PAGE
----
As you enter your 23rd week of pregnancy, your baby continues to grow, and your body is going through some noticeable changes. By now, you have been in the second trimester for over two months, and you may feel more comfortable with your pregnancy.
However, you are also aware that the due date is approaching quickly, and your growing bump may be more difficult to hide. Inside your body, here’s what’s happening this week.
Pregnancy Week 23 Quick Facts
- At 23 weeks, you’re almost six months pregnant
- You have 17 weeks remaining your due time “Calculate your due date“
- You’re in your second trimester
Your Unborn Baby’s Size at 23 Weeks
How Big is Baby?
At 23 weeks, your baby is approximately 11.38 inches long and weighs around 500 grams (or 17.64 ounces). it’s almost the size of an eggplant.
Pregnancy Symptoms Week 23
During pregnancy, hormonal changes and increased fluid in the body can cause various eye and vision problems, such as
- Blurry vision
- Changes in eyelids
- Dry eyes
- Feeling discomfort /Pain During wearing contact lenses.
Although many people claim that the second trimester is the easiest and least symptomatic of the three, everyone’s experience is different, and your body is still going through changes.
As you approach the end of the second trimester, you may begin to encounter more symptoms, such as
- Bleeding gums
- Round ligament pain
- Thicker and shinier hair
- Trouble sleeping
Prenatal Tests and Doctor’s Appointments
Your healthcare provider suggest some points for this week and next upcoming weeks like
- balanced diet and take prenatal vitamins
- Incorporating exercise into your routine can help you stay healthy
- Manage weight gain within the recommended guidelines.
- Spending time outdoors is also beneficial, as it can boost your mood and motivate you to engage in physical activity.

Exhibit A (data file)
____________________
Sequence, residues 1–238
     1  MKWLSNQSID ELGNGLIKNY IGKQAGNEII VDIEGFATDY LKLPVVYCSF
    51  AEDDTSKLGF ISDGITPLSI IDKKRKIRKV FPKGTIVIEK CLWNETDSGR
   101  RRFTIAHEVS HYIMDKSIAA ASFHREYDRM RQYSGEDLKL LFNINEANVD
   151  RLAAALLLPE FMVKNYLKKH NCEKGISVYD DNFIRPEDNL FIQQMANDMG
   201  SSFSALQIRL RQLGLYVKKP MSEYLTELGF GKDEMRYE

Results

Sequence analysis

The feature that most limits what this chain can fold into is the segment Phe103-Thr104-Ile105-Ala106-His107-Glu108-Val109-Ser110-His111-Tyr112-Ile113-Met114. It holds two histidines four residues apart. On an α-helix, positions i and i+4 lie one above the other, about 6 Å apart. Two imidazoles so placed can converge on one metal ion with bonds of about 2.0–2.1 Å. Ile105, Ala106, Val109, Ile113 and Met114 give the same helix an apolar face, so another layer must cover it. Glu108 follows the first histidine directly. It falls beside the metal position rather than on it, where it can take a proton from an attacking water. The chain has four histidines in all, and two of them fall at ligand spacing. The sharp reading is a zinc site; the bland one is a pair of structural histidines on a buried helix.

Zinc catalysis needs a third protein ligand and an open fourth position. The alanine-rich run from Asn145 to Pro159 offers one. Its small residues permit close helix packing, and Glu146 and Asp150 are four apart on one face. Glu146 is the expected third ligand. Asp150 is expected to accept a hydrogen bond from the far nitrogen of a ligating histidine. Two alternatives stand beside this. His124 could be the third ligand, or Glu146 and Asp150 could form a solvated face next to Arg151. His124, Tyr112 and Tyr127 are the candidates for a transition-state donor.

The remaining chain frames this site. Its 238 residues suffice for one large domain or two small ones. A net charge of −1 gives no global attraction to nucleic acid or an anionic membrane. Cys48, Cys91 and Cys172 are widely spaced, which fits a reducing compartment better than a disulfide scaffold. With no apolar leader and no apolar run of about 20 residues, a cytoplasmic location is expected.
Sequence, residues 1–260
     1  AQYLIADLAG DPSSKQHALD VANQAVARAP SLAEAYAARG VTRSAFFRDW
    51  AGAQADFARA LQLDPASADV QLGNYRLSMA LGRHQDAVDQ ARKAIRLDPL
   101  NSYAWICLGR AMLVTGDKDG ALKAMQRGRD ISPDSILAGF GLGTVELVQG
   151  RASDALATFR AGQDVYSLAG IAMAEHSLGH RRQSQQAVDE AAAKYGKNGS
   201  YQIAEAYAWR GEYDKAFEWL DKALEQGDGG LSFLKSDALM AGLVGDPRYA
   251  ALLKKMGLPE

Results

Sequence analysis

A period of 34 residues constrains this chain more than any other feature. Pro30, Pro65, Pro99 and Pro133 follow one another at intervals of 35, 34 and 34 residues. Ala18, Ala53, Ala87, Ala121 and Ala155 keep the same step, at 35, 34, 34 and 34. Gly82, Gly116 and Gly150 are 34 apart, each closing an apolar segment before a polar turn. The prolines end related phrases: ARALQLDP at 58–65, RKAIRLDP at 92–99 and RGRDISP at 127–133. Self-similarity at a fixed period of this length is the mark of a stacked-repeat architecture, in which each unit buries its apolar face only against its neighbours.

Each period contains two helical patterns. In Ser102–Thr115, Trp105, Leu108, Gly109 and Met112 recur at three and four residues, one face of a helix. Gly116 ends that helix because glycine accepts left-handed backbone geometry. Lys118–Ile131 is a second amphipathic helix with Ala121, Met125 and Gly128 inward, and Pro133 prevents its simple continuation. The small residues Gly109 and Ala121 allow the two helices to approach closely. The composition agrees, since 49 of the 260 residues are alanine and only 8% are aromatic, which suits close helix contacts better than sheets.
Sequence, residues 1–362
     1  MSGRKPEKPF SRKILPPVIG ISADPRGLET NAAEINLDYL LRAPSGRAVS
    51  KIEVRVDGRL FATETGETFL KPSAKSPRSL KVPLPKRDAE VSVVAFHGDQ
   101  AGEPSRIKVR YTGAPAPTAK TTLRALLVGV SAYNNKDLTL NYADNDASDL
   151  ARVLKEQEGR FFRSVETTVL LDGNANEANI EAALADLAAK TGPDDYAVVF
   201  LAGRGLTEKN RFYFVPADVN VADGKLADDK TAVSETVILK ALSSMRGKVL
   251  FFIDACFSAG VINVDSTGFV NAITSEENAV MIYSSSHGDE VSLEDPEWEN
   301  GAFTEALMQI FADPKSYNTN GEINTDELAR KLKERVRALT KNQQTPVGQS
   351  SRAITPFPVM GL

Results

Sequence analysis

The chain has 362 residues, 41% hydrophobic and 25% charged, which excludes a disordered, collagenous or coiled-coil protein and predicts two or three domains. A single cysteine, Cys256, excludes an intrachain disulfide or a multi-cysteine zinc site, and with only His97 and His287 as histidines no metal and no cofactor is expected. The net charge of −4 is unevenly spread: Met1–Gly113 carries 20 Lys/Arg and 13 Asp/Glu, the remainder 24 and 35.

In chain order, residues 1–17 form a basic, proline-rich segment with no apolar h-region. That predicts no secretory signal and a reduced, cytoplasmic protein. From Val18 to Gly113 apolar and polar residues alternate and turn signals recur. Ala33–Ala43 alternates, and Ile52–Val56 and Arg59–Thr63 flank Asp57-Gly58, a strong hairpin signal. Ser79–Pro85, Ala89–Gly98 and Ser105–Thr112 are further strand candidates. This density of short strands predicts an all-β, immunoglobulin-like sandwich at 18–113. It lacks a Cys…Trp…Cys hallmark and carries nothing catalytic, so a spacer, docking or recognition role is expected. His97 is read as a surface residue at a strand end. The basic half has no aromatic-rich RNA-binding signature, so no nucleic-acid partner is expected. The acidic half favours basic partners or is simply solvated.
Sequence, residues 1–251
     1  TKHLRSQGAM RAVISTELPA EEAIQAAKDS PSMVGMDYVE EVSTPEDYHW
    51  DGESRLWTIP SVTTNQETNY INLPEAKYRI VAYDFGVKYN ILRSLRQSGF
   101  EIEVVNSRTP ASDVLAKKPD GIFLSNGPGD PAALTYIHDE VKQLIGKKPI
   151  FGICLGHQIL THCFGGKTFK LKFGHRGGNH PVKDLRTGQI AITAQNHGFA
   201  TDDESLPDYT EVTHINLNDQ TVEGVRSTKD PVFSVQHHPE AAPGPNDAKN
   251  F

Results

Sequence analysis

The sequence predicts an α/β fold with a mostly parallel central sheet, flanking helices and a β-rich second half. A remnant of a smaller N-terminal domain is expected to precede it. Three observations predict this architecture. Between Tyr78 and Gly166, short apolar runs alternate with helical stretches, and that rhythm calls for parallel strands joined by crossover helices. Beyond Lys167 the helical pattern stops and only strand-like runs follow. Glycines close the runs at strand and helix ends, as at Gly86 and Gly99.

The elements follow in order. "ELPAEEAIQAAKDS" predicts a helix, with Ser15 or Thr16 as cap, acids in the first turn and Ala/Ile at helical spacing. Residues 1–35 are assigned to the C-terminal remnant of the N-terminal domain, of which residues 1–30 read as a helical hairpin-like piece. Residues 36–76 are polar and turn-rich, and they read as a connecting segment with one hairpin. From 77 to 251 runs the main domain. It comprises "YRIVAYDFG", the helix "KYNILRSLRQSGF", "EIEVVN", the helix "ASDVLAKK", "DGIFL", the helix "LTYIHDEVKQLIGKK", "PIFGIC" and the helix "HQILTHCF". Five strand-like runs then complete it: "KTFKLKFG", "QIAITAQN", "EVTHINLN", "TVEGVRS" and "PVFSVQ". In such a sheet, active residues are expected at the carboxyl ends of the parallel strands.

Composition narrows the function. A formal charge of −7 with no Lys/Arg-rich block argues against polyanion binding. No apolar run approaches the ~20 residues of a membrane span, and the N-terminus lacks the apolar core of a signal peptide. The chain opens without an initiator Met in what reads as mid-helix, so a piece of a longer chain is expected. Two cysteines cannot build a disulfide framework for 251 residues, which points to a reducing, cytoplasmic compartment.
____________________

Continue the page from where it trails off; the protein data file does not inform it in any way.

Also suggest for Vitamin D:
- Getting enough vitamin D during pregnancy is important for the baby’s bone growth, brain development, and future mental health.
- To ensure sufficient vitamin D intake, taking prenatal vitamins that contain 400 international units (IU) of vitamin D is recommended.
- Additionally, safely spending 5 to 30 minutes in the sun between the hours of 10 am and 3pm twice a week without sunscreen on your face, arms, legs, or back can provide enough daily vitamin D. If needed, your healthcare provider may suggest additional supplementation.
- Although there are few natural food sources of vitamin D, fatty fish like salmon and tuna, fish liver oil, and fortified foods such as milk, orange juice, and breakfast cereals can help.
– Risk in the 23rd week of pregnancy
Labor that happens before the completion of 37 weeks of pregnancy is known as preterm labor.
Although it doesn’t always lead to premature birth, it can be difficult to prevent in some cases. Symptoms of preterm labor may include
- Lower abdominal pain
- Pressure in the pelvic area
- Change in vaginal discharge
- Regular or frequent contractions.
If you experience any of these symptoms or are concerned about preterm labor, it’s important to contact your healthcare provider and go to the hospital to be examined by a provider.
As your baby grows, they are developing more muscles and becoming stronger, leading to increased activity. You may notice more movement from your baby during this time.
During this period, your baby’s brain is undergoing rapid development.
At 23 weeks, a baby’s eyes can respond to light. Shining a flashlight on your belly may cause the baby to move or react.
The baby’s fingernails have now grown and reached the tips of their fingers.
Survival outside the womb
Survival outside the womb is unlikely for babies born before 23 weeks, but there is a chance for extremely premature babies born during the 23rd week of pregnancy.
However, these babies are still not fully developed for life outside the womb and require specialized care in a neonatal intensive care unit (NICU).
Research has shown that in developed countries, between 23% and 27% of babies born at 23 weeks survive and eventually go home with their families.